Q: I’ve had a new boss for about six months who means well but is the epitome of “this meeting could have been an email.”

He goes over the same things multiple times, tells me his vacation schedule when I have access to his calendar and messages me asking things he should be able to figure out himself. Yesterday, I asked him for something from a system I don’t have access to. He called me over to his desk to explain his thought process and showed me some unnecessary stuff before finally sending me what I asked for.

Basically he likes to hear himself talk, needs his hand held and thinks I need mine held as well, and it’s become overwhelming. I like to keep to myself. I feel like he doesn’t respect my time. I’m having a hard time finding a balance between respecting my boss and setting boundaries. Any advice?

A: What you’re dealing with is at the heart of every return-to-office versus remote-work power struggle right now. On the one hand, you’ve got the process-focused, let’s-talk-this-out collaborator; on the other, a leave-it-to-me-I’ve-got this problem solver. Both have their place and purpose, both are valuable, and both will inevitably be paired up and drive each other bonkers.

Your power dynamic makes things tricky. When the person you report to is the person impeding your progress, you have to tread carefully. Failing to mask your impatience, or rationing your responses to his half-considered queries in the hope he’ll find his own answers, could be perceived as disrespectful and uncooperative.

Some reasons your boss may feel the need to confabulate everything to death:


– He may still be learning his way in your work environment.

– He may have a neurological processing difference/insecurity/anxiety/compulsion that requires him to verify in person that he’s gotten his message across.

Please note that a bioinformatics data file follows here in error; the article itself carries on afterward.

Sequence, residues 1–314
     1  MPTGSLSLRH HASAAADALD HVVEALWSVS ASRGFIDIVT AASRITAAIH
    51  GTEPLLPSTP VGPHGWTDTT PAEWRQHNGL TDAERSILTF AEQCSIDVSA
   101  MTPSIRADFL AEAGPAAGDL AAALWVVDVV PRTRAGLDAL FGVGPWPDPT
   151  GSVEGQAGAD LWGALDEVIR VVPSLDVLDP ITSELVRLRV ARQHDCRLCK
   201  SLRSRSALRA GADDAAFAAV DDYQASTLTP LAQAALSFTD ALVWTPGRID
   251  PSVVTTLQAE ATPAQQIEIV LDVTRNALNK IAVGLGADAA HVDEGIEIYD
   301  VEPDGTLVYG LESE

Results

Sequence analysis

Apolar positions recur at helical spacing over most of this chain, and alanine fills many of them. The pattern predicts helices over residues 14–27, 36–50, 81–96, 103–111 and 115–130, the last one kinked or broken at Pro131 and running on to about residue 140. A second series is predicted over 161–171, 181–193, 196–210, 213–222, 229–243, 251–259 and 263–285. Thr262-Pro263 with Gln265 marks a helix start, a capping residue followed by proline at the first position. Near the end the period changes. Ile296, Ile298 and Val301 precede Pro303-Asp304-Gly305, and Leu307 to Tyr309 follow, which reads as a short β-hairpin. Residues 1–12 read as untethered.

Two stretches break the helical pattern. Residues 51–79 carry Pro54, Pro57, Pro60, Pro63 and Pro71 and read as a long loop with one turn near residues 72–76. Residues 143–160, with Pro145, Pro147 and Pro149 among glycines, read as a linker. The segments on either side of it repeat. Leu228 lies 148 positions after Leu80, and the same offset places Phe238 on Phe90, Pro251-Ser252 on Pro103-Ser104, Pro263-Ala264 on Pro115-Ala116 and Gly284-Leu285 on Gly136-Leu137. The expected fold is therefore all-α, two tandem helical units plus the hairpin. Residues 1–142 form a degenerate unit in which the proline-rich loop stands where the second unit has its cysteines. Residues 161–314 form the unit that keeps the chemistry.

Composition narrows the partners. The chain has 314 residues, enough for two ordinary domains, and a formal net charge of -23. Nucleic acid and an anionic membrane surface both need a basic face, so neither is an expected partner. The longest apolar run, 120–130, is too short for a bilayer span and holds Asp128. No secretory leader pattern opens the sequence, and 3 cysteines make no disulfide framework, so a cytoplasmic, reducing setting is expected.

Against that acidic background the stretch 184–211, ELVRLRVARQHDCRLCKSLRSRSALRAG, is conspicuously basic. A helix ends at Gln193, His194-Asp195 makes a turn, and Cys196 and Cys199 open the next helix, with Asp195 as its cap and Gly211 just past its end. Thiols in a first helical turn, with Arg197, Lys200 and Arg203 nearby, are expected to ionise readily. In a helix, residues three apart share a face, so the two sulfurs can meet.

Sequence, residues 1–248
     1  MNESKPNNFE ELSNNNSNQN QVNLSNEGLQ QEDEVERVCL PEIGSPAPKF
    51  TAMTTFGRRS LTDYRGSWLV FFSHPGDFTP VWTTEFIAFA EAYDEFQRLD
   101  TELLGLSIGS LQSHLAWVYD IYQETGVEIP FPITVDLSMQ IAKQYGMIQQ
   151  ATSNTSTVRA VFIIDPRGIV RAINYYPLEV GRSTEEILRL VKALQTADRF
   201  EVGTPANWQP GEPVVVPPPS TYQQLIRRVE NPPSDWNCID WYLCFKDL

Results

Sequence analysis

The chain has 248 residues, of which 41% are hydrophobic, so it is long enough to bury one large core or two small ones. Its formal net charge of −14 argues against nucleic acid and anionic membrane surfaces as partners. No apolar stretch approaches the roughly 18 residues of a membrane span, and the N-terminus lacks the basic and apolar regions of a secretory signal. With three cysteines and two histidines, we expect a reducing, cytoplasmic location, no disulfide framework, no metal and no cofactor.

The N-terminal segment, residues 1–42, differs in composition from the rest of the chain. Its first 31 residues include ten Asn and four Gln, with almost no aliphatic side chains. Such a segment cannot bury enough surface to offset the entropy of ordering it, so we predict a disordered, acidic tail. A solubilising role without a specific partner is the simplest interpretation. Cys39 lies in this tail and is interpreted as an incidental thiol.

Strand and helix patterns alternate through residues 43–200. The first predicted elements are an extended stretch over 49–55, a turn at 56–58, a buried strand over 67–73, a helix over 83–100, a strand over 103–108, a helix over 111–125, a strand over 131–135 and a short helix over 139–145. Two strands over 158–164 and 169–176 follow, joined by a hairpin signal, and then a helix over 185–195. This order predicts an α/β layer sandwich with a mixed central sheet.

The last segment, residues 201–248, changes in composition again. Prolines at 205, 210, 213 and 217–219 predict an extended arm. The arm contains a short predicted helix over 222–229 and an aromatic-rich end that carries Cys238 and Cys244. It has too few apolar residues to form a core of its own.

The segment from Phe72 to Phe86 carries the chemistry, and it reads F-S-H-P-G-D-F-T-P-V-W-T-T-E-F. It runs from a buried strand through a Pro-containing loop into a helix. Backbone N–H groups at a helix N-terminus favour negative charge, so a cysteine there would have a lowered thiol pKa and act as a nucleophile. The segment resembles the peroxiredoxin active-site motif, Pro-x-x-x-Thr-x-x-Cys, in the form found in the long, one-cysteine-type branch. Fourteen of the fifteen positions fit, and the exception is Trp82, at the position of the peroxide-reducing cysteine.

– His repetition may be as much about reminding himself as informing you.

And finally:

– Maybe you’re just a smarter, faster thinker than he is.

I realize that I’m doing the same thing as your boss, rattling on about clock design when you just want to know the time. But if one of the above explanations clicks with your sympathies, it may help defuse your annoyance.

Replacing “he doesn’t respect my time” with “he can’t help himself” can put you in a better frame of mind when you try to gently rein him in, as follows: After he cycles through an explanation, repeat it in a condensed form, and then say, “I think I have the gist. How about if I start on it and get back to you at [future time] with a status update and any questions I have?” Translation: I hear you, I understand what you want, and I’m eager to get started on it.

After you’ve repeated this process a few times and delivered your usual great results, your boss should, ideally, start to trust that you know the work and are best left to do it. Eventually, you may get to the point of being able to head off his filibusters with a bright “Yep, got it.”


That is, of course, assuming he’s capable of change and can pick up on feedback without taking offense. If he truly does value the sound of his own voice over results, there may not be much you can do to make working with him tolerable.

As for his habit of asking needless questions, think of the following scenario as an example of how not to handle it.

Q: I was on a contract with a team of 60 or 70 people in a client’s large facility, including “Rachel” (also a contractor) and “Lisa” (an employee of the client, same rank as Rachel and me).

One day I needed to discuss something with Rachel. The only other person in the room was Lisa. I said, “Lisa, do you know where Rachel is?”

Lisa said, “She’s there.”

“Where is ‘there?'”

“Where would she be?”

Finally, after I’d asked eight or nine times, Lisa vaguely motioned toward an office off the room we were in and said, “She’s in that office.”

Lisa had clearly known where Rachel was all along and held out on me for no apparent reason. Even if she had a valid reason for not telling me where Rachel was, the appropriate response would have been, “She’s unavailable,” not a bunch of evasions. After the incident, I made a mental note that if I ever needed to find someone who was out of the room, I wouldn’t ask Lisa. Do you have any insights on this exasperating situation?

A: I can imagine any number of motives behind Lisa’s uncooperative response: She didn’t like you; she was distracted; she had been asked all day where other people were and was tired of being used as a personal tracking service. Whatever her reasons, the power dynamic leaned in her favor as a full-time employee, so there wasn’t much you could do about it.

In any case, you learned that Lisa is not a helpful resource, and you’re better off relying on yourself. Mind you, if conveying that lesson was her goal, she could have saved you both a lot of frustration by pleading total ignorance.